Has Purpose Made Brands Forget How To Be Cool?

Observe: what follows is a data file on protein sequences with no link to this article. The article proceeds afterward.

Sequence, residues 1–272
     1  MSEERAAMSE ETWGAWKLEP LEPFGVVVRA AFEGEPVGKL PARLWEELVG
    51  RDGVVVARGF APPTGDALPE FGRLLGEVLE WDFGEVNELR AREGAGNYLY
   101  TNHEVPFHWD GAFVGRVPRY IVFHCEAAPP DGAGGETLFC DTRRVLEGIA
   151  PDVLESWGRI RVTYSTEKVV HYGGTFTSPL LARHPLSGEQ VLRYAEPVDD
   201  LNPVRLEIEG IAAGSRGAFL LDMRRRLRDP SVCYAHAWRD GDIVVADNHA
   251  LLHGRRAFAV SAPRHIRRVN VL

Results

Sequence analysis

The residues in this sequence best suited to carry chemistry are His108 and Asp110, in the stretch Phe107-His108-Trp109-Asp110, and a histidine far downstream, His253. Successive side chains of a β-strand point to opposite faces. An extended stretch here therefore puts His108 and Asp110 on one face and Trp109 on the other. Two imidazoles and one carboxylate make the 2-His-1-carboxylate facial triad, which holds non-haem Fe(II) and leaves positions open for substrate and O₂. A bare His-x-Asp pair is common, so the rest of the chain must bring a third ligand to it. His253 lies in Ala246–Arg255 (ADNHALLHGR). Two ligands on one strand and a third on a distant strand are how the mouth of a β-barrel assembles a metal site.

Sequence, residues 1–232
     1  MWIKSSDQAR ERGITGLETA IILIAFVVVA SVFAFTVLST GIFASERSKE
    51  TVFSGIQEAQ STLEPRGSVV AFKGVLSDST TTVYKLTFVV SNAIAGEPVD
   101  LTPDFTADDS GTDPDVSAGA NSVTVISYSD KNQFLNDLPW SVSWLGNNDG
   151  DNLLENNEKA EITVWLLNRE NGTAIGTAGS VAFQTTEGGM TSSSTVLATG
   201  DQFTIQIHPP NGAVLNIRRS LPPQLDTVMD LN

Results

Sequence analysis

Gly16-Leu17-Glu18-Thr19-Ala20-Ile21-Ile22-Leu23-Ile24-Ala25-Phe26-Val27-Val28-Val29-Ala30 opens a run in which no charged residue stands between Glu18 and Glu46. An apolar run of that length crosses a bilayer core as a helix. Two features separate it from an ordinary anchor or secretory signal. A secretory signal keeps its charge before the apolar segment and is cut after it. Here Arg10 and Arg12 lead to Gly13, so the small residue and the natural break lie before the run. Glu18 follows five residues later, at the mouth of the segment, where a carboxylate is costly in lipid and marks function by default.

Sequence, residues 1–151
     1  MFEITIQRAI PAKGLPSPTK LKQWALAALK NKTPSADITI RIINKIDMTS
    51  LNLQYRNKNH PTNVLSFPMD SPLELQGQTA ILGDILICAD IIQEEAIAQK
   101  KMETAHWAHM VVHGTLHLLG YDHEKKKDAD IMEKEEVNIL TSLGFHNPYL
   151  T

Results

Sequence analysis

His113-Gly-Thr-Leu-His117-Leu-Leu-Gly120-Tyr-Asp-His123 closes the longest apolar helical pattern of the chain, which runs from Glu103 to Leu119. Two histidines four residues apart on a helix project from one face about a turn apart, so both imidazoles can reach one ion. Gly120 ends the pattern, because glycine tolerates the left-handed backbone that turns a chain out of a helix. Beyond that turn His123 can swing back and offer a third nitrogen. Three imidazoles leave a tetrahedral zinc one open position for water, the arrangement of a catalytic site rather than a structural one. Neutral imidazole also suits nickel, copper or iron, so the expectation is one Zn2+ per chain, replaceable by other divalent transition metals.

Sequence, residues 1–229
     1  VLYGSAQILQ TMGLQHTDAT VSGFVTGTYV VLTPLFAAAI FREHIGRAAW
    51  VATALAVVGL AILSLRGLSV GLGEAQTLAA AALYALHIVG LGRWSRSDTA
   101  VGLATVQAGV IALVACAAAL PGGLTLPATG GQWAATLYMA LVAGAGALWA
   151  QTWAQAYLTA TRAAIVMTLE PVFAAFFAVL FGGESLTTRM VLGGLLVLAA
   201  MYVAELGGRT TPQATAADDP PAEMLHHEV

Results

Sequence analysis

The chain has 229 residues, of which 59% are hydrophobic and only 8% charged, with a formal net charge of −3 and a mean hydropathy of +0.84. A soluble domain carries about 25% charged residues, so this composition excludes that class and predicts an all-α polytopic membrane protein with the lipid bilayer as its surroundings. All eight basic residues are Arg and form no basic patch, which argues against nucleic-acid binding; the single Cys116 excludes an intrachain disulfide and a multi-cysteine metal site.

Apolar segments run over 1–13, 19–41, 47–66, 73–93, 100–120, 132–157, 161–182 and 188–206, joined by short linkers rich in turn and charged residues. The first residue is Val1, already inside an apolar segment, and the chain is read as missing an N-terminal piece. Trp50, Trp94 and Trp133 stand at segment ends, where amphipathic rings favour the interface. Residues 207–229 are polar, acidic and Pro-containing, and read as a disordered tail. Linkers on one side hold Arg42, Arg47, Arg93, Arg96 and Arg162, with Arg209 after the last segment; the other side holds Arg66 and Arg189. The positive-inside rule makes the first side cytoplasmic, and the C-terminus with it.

Cool is still about aesthetics. It always will be, despite its generational variations. From ironic millennial pink to the pared back streetwear of Gen Z, style is the key to cool. Cool continues to be about confidence too, the self-assured swagger that led James Jebbia to call his brand Supreme. But here’s the twist: You can have all the aesthetics and all the confidence and you don’t have to be the bad guy. You can have the good trainers and the directional haircut without being a total nut job. You can be kind, progressive, make a positive difference and still be cool. In fact, it’s this powerful combination that is driving modern culture forward. Cool is Kendrick Lamar being the best rapper in the world and taking politics head on. Cool is the 10 minutes of silence in Master of None that takes the viewer inside the world of a deaf New Yorker. Cool is the radical queerness of Frank Ocean’s Blonde. Cool is Beyoncé’s Black Panther homage. Cool is Broad City’s feminism. Cool is balance. Cool is both. Since purpose became a brand strategy, cool has taken a back seat. To do purpose, to really stand for something in the world, brands must be earnest, they must show that they mean it, they must hold a mirror up to the real world and conduct social experiments to show that they genuinely understand. We’ve wrongly assumed that doing purpose means you can’t be cool, but I’d go as far as to say being cool is a necessity. Read more at Fast Company.